It is widely held that, as Morgenbesser’s case is usually taken to show, considerations of causal or probabilistic dependence should enter into the evaluation of counterfactuals. This paper challenges that idea. I present a modified version of Morgenbesser’s case and show how probabilistic approaches to counterfactuals are in serious trouble. Specifically, I show how probabilistic approaches run into a dilemma in characterizing probabilistic independence. The modified case also illustrates a difficulty in defining causal independence. I close with a suggestion for (...)
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  13.  9
    Sensory Noise Increases Metacognitive Efficiency.Ji Won Bang, Medha Shekhar & Dobromir Rahnev - 2019 - Journal of Experimental Psychology: General 148 (3):437-452.
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  14. The Metaphysics of Free Will: A Critique of Free Won’T as Double Prevention.Matteo Grasso - 2015 - Rivista Internazionale di Filosofia e Psicologia 6 (1):120-129.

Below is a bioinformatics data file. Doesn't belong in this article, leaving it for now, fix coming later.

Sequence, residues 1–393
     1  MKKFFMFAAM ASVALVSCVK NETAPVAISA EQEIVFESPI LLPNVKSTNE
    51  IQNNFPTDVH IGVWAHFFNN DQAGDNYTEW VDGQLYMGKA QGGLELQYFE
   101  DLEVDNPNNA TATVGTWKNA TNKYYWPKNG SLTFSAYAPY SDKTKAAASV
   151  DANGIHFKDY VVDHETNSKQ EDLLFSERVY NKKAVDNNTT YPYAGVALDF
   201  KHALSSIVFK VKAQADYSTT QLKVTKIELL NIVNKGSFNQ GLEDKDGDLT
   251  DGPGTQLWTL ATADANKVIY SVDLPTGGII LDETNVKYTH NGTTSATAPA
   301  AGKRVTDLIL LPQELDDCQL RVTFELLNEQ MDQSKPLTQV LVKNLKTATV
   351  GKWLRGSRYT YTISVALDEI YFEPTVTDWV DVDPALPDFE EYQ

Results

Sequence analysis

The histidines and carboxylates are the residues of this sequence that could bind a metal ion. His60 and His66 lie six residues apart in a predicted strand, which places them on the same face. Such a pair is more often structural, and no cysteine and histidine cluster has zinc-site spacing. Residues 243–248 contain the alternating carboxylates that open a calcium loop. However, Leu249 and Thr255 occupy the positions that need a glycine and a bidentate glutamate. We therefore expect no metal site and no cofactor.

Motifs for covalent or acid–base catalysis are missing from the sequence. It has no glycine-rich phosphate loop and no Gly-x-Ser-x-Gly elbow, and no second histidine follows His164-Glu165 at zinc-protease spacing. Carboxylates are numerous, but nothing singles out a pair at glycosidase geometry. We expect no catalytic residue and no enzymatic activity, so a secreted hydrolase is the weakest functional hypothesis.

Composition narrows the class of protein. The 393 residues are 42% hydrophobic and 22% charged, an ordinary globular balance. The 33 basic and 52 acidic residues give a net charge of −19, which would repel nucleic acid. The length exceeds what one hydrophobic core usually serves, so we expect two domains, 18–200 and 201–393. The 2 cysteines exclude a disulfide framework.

The problem of free will is deeply linked with the causal relevance of mental events. The causal exclusion argument claims that, in order to be causally relevant, mental events must be identical to physical events. However, Gibb has recently criticized it, suggesting that mental events are causally relevant as double preventers. For Gibb, mental events enable physical effects to take place by preventing other mental events from preventing a behaviour to take place. The role of mental double preventers is hence (...)
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  15. Ji Kang on Nourishing Life.David Chai - 2017 - Frontiers of Philosophy in China 12 (1):38-53.